ELEMENTS OF COLLECTIVE SECURITY & THE EFFICACY OF THE UNITED NATIONS. THE YUGOSLAV & SOMALI EXPERIENCES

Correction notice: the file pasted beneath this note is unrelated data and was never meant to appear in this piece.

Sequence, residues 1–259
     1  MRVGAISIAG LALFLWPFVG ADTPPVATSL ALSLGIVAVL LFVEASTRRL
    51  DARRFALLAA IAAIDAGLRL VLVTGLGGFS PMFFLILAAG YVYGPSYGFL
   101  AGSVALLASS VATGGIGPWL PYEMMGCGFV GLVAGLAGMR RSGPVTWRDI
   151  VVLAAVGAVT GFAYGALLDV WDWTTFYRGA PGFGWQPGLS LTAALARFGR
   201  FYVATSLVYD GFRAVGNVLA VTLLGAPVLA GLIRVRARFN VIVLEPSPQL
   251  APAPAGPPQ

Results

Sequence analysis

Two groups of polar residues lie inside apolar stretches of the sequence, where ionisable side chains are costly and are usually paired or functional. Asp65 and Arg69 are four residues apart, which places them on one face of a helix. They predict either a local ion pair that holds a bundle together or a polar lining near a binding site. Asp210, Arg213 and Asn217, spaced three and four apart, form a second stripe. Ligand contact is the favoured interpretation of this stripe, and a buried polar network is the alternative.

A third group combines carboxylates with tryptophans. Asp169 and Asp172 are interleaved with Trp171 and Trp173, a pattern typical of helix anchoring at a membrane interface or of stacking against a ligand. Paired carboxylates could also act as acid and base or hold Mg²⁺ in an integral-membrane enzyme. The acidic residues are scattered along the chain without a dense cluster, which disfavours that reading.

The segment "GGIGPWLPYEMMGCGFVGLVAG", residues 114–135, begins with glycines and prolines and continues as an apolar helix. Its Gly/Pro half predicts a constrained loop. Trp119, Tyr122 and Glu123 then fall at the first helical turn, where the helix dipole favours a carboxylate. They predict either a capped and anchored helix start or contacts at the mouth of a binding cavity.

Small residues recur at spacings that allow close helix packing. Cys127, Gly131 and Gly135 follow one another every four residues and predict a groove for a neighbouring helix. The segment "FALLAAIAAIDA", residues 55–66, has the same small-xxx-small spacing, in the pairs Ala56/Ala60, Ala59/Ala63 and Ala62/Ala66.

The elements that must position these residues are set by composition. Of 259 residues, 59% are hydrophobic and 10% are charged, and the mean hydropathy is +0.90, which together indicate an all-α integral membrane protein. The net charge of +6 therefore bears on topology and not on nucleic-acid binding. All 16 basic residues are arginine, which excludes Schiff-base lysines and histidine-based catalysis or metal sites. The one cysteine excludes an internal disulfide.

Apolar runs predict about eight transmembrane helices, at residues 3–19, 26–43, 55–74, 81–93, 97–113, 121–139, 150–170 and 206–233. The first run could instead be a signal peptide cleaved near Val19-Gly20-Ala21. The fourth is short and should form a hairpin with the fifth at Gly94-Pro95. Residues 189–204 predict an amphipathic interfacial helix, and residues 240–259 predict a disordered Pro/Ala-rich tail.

The goal of establishing the collective-security-system is not just fiscal expediency, but also to shape a world that is more than an agglomeration of states, and a principled community. Any nation within the international system that commits aggression, imperils the peace, or grossly exceeds the bounds of civilized behaviour, violates the norms of the collective-security-system. The Security-Council of the United-Nations established in 1945 is vested with the responsibility of maintaining international peace and security. However, the world has witnessed two world-wars and many inter/intra state wars, which have claimed many lives. Irrespective of the arrangements made under the League-of-Nations; which obviously failed, and the United-Nations, conflict continues to be a scourge which raises its ugly head in virtually all continents of the world. Even the end of the cold-war has not guaranteed permanent peace. Using the Yugoslav and Somali experiences as case studies, this work takes a more realistic view of the intrinsic nature of the present-day international-system and a reexamination of the elements of an ideal collective-security-system with a view to enhancing the efficacy of the UN in the realization of international peace and security. Data collection was through content analysis and analysed using the quantitative chi-square scientific method. Findings revealed that there is no significant relationship between the resolution of the Yugoslav and Somali crises, and the application of the elements of the collective-security-mechanism, that the UN consciously or unconsciously presented itself as an instrument for attaining the strategic objective of a mega power – the U.S, and that there is a total disconnect between the elements of collective-security & the UN outing in the Yugoslav & Somali crises. For countries to trust collective-security, they have to know it works well enough to safeguard their security. Therefore, the work recommends a critical reform of the working hypothesis of the UNSC, by building into the system devices and innovations that could constrain member States from paralysing the system by arbitrary actions. Collective enforcement operations must be fully accountable to the Security-Council, and should be representative. Also, establishment of a UN military academy without friends or foes and with a new philosophy of universal peace, honour, justice unfettered, and security for all. Adoption of a wider scope of the concept of aggression to include indirect aggression in the form of sabotages, economic aggression, and other forms of pressure, initiated by the powerful states, aimed at bringing the weaker states under the subjugation of the world mega-powers. The work concludes that even the legitimacy of the humanitarian intervention or the use of military force by individual states must conform to the norms of the UN-Charter. The UN is not; in any way, irrelevant. Indeed it remains the only body with sufficient legitimacy to pull the world back from the chasm of lawlessness that it is yet again looking down into. The UN should therefore, not compromise its laws and principles in the face of increasing violence committed by states (powerful or not) as well as non-state actors.